I'm confused about the different organizational structure when it comes to Rocky and Alma

Let met start out with that I have been running Rocky Linux from the beginning after it first was released and I am happy with it. I am just confused by all the different opinions, post and statements you read online(Reddit and other websites) about organizational structure of Rocky Linux vs Alma Linux.

From my understanding in short it looks like this. The RESF is a Public Benefit Corporation and owned by Gregory Kurtzer and the RESF is backed by several big companies. Gregory Kurtzer is the lead of RESF’s board where he is assisted my board members who are trusted people and members from the community. Then there are different community teams that work on different categories of tasks for Rocky all made up of volunteers. Gregory Kurtzer owns the RESF doesn’t that mean if he wanted to sell Rocky Linux he could do that too, at least that’s why most sources online seem to indicate?

While the Alma Linux foundation is a non-profit organization backed by Cloud Linux and several other companies as well, but the foundation is in community control so Cloud Linux has no control over the foundation . There are people who work full time on Alma Linux and there are people from the community who work on Alma Linux as well

Am I understanding it correctly and if not can some explain to me to me so that I will be able to understand it correctly , because from my understanding it sounds more like with Alma’s organizational setup? Is it also because also correct that because Rocky Linux is worked on only by community volunteers that new version(minor/major) releases take longer to be released than with Alma Linux because Alma Linux is worked on full-time by several people as well as community volunteers?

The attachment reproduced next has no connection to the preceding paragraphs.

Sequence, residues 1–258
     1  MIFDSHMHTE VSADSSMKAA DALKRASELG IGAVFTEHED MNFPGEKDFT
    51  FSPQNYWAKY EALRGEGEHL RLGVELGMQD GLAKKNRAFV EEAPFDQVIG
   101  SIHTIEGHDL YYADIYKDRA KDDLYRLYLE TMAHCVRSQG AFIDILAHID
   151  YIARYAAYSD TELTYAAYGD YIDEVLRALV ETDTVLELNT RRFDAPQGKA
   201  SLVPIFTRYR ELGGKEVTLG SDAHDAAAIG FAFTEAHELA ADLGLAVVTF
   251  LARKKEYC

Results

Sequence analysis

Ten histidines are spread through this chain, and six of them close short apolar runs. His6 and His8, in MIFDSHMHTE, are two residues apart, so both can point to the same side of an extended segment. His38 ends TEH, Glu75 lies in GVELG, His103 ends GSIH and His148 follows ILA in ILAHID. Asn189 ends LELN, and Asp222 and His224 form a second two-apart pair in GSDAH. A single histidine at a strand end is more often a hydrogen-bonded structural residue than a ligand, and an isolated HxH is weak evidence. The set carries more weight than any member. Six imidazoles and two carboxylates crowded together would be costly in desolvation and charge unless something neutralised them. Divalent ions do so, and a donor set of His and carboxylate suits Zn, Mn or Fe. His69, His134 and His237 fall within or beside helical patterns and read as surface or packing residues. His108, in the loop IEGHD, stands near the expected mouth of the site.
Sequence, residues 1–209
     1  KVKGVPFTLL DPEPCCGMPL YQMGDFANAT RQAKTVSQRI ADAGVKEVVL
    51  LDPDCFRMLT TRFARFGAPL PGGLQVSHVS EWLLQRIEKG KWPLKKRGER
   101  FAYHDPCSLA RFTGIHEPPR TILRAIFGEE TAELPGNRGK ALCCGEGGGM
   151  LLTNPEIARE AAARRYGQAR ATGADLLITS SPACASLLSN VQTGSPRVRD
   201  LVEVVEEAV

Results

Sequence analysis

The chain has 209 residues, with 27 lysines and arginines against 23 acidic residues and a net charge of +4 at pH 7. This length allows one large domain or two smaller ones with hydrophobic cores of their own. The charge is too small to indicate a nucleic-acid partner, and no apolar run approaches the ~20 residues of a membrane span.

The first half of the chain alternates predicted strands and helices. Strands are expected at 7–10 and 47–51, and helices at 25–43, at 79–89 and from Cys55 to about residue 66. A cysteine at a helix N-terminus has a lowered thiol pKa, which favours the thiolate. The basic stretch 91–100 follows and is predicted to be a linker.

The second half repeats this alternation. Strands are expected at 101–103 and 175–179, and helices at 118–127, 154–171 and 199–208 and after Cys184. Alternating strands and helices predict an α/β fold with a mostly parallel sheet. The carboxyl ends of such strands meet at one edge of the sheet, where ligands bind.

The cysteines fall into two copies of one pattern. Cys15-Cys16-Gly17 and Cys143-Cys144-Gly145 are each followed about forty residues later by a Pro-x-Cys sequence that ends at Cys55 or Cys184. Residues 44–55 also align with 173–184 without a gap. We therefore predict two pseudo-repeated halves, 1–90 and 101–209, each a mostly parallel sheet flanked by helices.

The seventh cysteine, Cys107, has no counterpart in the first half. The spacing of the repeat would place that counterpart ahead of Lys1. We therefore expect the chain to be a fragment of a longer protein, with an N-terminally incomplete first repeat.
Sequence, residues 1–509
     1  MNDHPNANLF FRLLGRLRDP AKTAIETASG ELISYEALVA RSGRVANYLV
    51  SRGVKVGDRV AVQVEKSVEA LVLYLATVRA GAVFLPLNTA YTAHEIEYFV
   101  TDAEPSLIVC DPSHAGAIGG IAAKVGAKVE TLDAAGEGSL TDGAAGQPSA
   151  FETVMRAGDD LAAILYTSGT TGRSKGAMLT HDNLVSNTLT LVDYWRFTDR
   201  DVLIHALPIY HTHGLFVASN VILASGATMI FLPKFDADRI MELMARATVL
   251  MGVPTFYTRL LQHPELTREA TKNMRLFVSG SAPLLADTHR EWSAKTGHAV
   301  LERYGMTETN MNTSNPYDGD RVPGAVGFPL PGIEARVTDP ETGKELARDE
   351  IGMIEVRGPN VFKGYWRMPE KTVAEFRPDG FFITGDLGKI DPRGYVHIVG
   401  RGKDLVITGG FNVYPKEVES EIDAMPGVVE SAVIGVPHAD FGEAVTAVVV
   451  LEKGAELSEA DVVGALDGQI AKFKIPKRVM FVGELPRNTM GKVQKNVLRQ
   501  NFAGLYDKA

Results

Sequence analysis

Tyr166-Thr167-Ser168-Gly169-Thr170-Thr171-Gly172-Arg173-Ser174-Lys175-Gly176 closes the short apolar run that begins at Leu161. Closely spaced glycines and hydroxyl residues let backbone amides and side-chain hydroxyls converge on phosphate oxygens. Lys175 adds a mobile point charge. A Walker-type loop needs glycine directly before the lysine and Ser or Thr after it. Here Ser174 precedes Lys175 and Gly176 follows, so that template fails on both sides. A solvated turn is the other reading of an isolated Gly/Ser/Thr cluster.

Thanks for in advance helping me understand and lessening my confusion!

I used these sources to try to get an understanding of the different organizational structure of Rocky and Alma:

https://almalinux.org (Main page: About Alma Linux OS)


The short answer, No. :slight_smile:

The longer answer, we are in the process of ensuring everything is under RESF and that there isn’t “an owner”. But we are also trying a different path that we believe is the best long term solution for not just Rocky Linux, but other Open Source projects. There’s things we are still working out and figuring out legally. But to this explicit situation as it stand right now, should Greg decide to “sell out” and IF the new “owner” does not respect the Rocky Linux leadership - Rocky Linux as a project would leave the RESF. How that would work legally is still a bit questionable, but it’s something that we are thinking through as we look to bring in other projects. Ultimately, we’d like to partner with other projects under the RESF but we need to make sure that projects can leave under amicable or tense situations (such as the hypothetical “hostile take over”). So while the technically-legally-possibility is that yeah, Greg could sell the real answer is that no, Greg can’t “sell” the Rocky Linux project - he could sell the RESF but the new “owner” would have little control except to disband the RESF. In which case, the Rocky Linux project would go on its own.